Investing for long-term goals, like saving for your child’s (or grandchild’s) education, can be more challenging when market volatility increases. In fact, it can leave you counting sheep instead of nodding off to sleep.
While there’s no way to foresee how markets will act in the future, there are ways to lower the risk that volatility can cause. Following the 3 steps below can help you reduce risk and keep you on track toward your education savings goals—even in the face of a significant down market.
A sound way to help defend your portfolio against volatility is to choose an asset allocation that’s a good fit for your goals. A diversified allocation helps you avoid two investment traps:
- Investing too conservatively. If you hold all your assets in cash, you risk being unable to keep up with inflation. You also limit your portfolio’s potential to grow.
- Investing too aggressively. On the other hand, if you invest everything in stocks, the market could severely decline when you need your money the most.
A mix of investment types allows you to create a portfolio with a risk level that’s comfortable for you. A long-term investment plan should include a combination of:
- Stocks: to help your portfolio grow when the market is strong.
- Bonds: to provide stability during market downturns.
- International investments: to give you access to markets that may be generating positive performance when others are going a negative route.
As your withdrawal date (or, in the case of college saving, your child’s high school graduation date) gets closer, it’s a good idea to shift your investments away from potentially volatile stocks and into more stable bonds and cash. With a 529 plan’s age-based option, this is taken care of for you.
2. Consider an investment that automatically adjusts your asset allocation
Here age-based options really come into play. If you’re not inclined to adjust your asset allocation annually, an age-based option can be a great choice.
Age-based options, designed specifically to help you invest for higher education, shift from stocks to bonds as your child gets older and closer to high school commencement.
For instance, if your child is younger, and you select the corresponding age-based option, you’ll start off in a portfolio with more stocks than bonds that will gradually transition to one with more bonds and short-term investments. This will reduce your investment risk as tuition bills come into focus.
Your NY 529 Direct Plan offers 3 three age-based investment options, which you can choose based on your risk tolerance: Conservative, Moderate, and Aggressive. Learn more about the differences. It’s important to note that federal laws governing 529 plans allow you to move funds you've already contributed to a different portfolio twice per calendar year, or if you change the beneficiary.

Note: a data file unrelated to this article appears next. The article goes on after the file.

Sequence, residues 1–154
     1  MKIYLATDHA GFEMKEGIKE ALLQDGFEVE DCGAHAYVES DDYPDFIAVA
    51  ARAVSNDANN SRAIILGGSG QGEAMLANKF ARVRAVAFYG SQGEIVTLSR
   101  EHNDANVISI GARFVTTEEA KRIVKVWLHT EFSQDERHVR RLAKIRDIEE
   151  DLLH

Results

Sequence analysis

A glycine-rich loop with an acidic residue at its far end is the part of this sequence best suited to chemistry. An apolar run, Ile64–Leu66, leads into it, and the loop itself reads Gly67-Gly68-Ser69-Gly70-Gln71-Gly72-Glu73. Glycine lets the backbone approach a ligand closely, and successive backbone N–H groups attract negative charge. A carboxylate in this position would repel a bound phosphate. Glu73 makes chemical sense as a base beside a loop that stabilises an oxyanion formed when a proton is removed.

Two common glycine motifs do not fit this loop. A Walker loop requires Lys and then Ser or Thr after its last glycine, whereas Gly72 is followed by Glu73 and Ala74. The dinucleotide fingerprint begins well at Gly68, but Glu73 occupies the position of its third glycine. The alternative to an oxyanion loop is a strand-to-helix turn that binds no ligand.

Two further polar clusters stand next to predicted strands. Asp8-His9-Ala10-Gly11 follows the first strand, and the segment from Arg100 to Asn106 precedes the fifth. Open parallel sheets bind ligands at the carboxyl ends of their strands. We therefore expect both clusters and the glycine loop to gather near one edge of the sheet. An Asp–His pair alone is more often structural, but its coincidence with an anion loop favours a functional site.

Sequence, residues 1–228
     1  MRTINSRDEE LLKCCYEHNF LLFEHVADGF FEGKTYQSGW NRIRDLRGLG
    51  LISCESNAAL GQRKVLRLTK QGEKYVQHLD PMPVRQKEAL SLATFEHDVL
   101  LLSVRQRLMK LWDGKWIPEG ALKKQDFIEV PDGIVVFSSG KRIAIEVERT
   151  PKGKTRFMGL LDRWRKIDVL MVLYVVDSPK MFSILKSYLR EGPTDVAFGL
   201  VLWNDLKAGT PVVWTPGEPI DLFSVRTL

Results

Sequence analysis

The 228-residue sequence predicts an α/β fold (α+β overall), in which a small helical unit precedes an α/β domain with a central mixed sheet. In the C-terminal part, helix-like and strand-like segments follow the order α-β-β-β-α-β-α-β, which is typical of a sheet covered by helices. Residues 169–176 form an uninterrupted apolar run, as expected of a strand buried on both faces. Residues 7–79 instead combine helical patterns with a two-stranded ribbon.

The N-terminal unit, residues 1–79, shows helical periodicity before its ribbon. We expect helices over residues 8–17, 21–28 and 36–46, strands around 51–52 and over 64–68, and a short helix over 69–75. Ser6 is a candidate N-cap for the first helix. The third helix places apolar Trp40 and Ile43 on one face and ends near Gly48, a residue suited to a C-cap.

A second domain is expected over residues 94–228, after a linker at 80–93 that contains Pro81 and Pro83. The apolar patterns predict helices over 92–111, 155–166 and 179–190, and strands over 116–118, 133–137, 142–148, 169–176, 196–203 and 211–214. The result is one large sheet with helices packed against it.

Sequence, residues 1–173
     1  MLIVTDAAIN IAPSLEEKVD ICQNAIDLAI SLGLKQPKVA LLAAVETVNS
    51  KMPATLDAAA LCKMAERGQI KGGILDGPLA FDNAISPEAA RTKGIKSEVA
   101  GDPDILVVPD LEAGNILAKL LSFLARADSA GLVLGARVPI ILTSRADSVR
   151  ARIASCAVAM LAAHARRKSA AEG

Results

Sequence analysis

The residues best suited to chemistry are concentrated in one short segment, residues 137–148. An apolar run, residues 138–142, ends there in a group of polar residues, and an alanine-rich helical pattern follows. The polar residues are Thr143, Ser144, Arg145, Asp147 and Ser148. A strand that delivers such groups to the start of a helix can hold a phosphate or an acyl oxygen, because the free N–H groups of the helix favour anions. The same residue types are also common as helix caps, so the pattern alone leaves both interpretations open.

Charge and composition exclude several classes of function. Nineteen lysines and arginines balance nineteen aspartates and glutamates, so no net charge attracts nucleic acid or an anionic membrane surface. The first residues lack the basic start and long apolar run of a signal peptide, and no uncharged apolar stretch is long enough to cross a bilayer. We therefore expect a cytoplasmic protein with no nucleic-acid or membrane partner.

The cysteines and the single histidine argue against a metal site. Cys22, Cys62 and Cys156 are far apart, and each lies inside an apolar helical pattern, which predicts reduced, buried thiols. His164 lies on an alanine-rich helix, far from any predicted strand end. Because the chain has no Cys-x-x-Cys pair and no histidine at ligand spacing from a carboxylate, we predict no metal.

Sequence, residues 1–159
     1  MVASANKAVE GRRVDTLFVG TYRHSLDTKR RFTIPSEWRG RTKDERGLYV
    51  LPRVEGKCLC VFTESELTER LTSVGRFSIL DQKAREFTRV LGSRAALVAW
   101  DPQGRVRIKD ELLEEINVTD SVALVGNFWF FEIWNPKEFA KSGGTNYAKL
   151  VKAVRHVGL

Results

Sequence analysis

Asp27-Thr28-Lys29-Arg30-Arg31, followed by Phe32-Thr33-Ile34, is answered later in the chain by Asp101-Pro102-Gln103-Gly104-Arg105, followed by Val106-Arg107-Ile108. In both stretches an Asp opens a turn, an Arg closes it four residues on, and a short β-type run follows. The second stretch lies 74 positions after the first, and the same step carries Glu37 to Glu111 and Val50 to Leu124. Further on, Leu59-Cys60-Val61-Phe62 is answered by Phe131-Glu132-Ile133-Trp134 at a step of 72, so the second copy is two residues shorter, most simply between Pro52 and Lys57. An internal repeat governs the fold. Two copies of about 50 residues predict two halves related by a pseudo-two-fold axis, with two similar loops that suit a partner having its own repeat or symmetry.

3. Contribute consistently
It’s sometimes uncomfortable to invest when the markets are unstable, especially if you check your accounts often. It can seem as if you’re losing the money you’re contributing, and you may be tempted to move to lower-risk investments. Or maybe even stop saving altogether.
Unfortunately, market market-timing thoughts like these often result in selling low and buying high. They may save you from the worst trading days but could also keep you from investing on the best days.
Unfortunately, market market-timing thoughts like these often result in selling low and buying high. They may save you from the worst trading days but could also keep you from investing on the best days.*
An AIP boils down to less stress too. Knowing you’ve already contributed toward your child’s education allows for more time and flexibility to focus on the other priorities in your life.
Here’s another bonus. If you do take the 3 steps of diversifying, reallocating, and investing regularly through an age-based 529 account, you‘ll likely enjoy better ZZZZs too!
*Up to $10,000 is deductible annually from New York State taxable income for married couples filing jointly; single taxpayers can deduct up to $5,000 annually. May be subject to recapture in certain circumstances such as rollovers to another state's 529 plan, nonqualified withdrawals, or withdrawals used to pay expenses for tuition in connection with enrollment or attendance at an elementary or secondary public, private, or religious school.
Earnings on nonqualified withdrawals may be subject to federal income tax and a 10% federal penalty tax, as well as state and local income taxes. In addition, withdrawals used to pay expenses for tuition in connection with enrollment or attendance at an elementary or secondary public, private, or religious school are subject to recapture of any New York State tax benefits that accrued on contributions. Tax and other benefits are contingent on meeting other requirements. We encourage account owners to consult a qualified tax advisor.